Dong Ha, Republic of Vietnam; Managed and deployed electric sensor/surveillance equipment for the “McNamara’s Wall” along the DMZ.
Post-Vietnam: MCB Camp Pendleton H&S Co, H&S Bn 5th ASR, (-) FMF  June 1969 – 13 June 1970
Released from active duty: Camp Pendleton 13 June 1970
USMCR unit: Fredericks, VA

Champe, Charles Randall (Randy), 1st Platoon

Champe, Charles Randall (Randy), 1st Platoon

13 February 1945 – 13 June 1991
Santa Fe National Cemetery, NM 87501

Randy Champe was born 13 February 1945 in Charleston, West Virginia. His love of adventure was well suited to the family’s move to Albuquerque, New Mexico in his early years. With the loving guidance of his father, Charlie Champe, Randy earned his Eagle Scout. He graduated from the University of New Mexico, 1967. He was in the NROTC with a Marine Corps option. During his seven years as an officer in the United States Marine Corps, he was awarded the nation’s third highest combat award, the Silver Star, the Bronze Star with the combat V and the Vietnamese Cross of Gallantry among other distinctions while serving as a Tank Commander and as a Force Recon Marine.

In 1973, Randy joined the Los Angeles Police Department. As his wife, Sue’s, grandmother said, “Randy went from the front lines of the country to the front lines of the country.” Serving and protecting with distinction, he worked first the streets and then the skies of L.A. as an observer in the Air Support Division. From 1983-1986, Randy was a policeman on the Houston Police Department. Upon his return to Los Angeles, he was immediately accepted back into Air Support Division.

Randy was killed in the line of duty, 13 June 1991, at the age of 46, when the helicopter crashed due to equipment failure that he and pilot Gary Howe were flying in over South Central Los Angeles. In attempting an emergency landing, through their dedication and expertise, they were able to avoid the primary emergency landing zone, a school yard full of children on recess. They also avoided the secondary zone, a roadway with a school bus, child and adult in the path, and put the ship down in a vacant lot with abandoned cars on it. Both perished upon impact. Randy loved helping his fellow officers by being their “eyes in the sky.”

Posthumously, Randy was awarded LAPD’s highest honor, the Medal of Valor. Randy was also awarded LAPD’s Purple Heart and in 2014, two signs were unveiled with Randy’s and Gary’s names, and erected at the crash site.

USMC Resume:
The Basic School Class 1-68 Alpha Company, 1st Platoon, Jun-Nov 1967
Vietnam: Three tours (C/1st Tanks Company; two tours with 1st Force Recon)

Chiesa, Robert E (Bob), 1st Platoon

Chiesa, Robert E (Bob), 1st Platoon

5 October 1941 – 18 August 1991
Last known address: Knoxville, IA 50138

Robert E. Chiesa was born 5 Oct 1941 in Des Moines, IA  to Leon Victor Chiesa and Vivian Margaret Shook. His father served with the 94th Naval Construction Battalion in Hawaii and Guam from 1943 to 1945. Bob was the oldest of three children. He had one brother and one sister.

Bob enlisted in the USMC 22 June 1960 at 19 years old. At one time he served with a Marine detachment on a Navy ship. He attended the University of Oklahoma and gained his commission through the NESEP program.  He graduated on 4 June 1967 and was commissioned as a 2nd LT USMC with a regular commission 7 June 1967. He was a member of TBS Class 1-68 Alpha Company 1st Platoon. He then went to Flight School- Helicopter Pipeline in Pensacola, FL. He attended CH-53 training at Marine Corps Air Facility (MCAF) Tustin, CA. He then received orders for Vietnam, where he flew CH-53s out of Marble Mountain. In 1971 he was assigned to NAS Imperial Beach, CA and served as an exchange pilot with a Navy helicopter squadron. While in Southern CA, he purchased and raced a Formula V race car.  Having medical issues he was grounded and medically discharged from the USMC on 1 May 1972. He returned to Iowa where he lived for many years. He passed away 18 Aug 1991 in Knoxville, IA at the age of 49.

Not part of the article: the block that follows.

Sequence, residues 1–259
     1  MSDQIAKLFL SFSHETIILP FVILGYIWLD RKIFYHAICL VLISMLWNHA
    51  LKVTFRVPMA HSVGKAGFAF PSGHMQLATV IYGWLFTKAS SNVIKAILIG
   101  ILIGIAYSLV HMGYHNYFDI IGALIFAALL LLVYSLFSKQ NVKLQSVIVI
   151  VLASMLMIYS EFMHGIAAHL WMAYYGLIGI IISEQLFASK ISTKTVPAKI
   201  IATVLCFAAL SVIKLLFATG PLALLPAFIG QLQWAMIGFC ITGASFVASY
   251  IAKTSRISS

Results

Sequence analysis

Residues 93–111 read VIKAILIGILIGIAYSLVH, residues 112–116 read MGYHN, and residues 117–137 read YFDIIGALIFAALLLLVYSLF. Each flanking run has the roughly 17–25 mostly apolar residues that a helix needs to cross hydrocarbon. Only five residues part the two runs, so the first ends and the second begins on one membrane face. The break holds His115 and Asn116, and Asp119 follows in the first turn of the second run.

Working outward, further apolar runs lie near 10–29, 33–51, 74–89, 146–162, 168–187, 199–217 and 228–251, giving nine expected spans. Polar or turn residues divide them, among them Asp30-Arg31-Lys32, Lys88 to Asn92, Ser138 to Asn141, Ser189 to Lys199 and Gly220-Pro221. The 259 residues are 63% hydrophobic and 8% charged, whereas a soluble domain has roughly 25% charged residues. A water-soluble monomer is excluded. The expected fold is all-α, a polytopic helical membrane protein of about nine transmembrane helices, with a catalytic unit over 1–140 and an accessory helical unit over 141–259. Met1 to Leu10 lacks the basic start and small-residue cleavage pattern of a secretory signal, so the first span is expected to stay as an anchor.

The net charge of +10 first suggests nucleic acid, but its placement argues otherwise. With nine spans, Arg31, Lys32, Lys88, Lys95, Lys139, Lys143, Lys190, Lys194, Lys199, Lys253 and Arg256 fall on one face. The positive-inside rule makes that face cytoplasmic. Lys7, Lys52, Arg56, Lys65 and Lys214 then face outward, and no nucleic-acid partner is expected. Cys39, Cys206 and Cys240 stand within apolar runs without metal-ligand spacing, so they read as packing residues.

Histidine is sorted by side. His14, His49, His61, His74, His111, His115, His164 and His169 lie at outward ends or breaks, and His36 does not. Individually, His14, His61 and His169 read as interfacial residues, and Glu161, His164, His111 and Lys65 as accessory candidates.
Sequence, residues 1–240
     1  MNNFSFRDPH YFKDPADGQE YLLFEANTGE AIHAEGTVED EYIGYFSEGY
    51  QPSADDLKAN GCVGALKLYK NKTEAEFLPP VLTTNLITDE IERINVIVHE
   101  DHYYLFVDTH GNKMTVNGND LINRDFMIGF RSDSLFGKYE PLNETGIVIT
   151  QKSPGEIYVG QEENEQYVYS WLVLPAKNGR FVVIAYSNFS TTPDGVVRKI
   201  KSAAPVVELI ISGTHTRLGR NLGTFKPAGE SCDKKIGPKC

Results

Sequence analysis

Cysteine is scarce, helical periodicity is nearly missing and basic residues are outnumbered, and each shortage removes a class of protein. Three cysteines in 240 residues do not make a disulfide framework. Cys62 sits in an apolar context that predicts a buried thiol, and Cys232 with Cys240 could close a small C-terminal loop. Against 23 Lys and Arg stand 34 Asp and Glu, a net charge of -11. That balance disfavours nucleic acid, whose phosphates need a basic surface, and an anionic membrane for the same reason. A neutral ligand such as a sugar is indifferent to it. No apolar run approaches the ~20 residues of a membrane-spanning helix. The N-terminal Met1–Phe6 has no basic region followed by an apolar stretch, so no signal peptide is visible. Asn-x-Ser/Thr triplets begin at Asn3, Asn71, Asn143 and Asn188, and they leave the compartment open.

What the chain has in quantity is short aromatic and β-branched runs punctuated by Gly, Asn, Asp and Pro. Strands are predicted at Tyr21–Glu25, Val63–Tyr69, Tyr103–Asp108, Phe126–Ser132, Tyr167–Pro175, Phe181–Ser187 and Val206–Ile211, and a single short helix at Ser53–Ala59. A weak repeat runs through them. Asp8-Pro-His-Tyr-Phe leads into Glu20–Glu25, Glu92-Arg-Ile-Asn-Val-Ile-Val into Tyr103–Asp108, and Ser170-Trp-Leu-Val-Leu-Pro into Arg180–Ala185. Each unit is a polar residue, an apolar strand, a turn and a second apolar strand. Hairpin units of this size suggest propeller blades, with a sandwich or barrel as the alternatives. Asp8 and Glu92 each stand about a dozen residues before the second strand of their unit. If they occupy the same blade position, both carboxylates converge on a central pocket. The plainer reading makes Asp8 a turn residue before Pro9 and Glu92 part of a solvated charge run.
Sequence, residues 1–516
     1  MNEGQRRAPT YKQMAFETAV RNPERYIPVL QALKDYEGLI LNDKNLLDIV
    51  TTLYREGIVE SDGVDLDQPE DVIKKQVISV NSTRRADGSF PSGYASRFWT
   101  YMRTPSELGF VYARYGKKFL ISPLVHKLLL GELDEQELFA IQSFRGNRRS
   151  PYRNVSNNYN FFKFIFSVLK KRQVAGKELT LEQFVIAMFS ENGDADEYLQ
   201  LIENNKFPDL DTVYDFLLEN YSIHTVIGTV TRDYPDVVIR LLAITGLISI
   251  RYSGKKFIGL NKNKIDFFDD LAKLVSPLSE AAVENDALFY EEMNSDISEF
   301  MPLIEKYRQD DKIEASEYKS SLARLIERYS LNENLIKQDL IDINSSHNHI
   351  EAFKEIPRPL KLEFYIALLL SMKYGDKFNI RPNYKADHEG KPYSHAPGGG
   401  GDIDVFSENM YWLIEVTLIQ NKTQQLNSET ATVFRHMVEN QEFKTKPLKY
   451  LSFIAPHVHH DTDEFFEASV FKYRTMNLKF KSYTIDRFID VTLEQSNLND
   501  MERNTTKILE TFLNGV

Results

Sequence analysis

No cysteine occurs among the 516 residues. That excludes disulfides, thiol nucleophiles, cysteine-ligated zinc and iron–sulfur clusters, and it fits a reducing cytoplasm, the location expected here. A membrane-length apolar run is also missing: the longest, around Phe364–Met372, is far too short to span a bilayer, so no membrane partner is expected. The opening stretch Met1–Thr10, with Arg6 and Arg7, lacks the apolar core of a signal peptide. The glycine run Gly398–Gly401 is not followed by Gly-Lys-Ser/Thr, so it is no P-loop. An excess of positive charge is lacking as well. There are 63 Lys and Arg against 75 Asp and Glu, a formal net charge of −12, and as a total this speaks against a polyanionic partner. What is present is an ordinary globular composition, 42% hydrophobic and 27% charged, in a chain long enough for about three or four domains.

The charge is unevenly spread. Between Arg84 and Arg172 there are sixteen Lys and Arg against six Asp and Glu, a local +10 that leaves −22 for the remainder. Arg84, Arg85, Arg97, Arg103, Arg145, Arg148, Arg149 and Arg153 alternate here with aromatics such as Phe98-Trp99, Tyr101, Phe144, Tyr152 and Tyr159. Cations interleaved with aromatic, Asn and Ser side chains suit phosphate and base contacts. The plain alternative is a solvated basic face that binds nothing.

USMC Resume:
The Basic School Class 1-68 Alpha Company, 1st Platoon, Jun-Nov 1967
Flight School- Helicopter Pipeline in Pensacola, FL.
CH-53 training at Marine Corps Air Facility (MCAF) Tustin, CA.
Vietnam: CH-53s out of Marble Mountain.
An exchange pilot with a Navy helicopter squadron, NAS Imperial Beach, CA: 1971

Cochenour, John (JJC), 1st Platoon

Cochenour, John (JJC), 1st Platoon

I met my wife, Donnice Williams, at Oklahoma State University, and we were married while still in college. I dropped out a semester to work while Donnice finished her degree and took a position as a math teacher in the farming community of Marland, Oklahoma. I commuted to OSU and joined the Marine PLC program, attending one summer session in Quantico in 1966. Fraser Getgood, Terry Ranstead, and I graduated from OSU in 1967 and were commissioned together.

During TBS, Donnice and I lived in an apartment in Woodbridge, and I commuted to Quantico with Terry Ranstead and Jack Larrison as we lived in the same apartment complex. It remains a matter of frustration that I cannot remember whose room I shared as a married member of the company.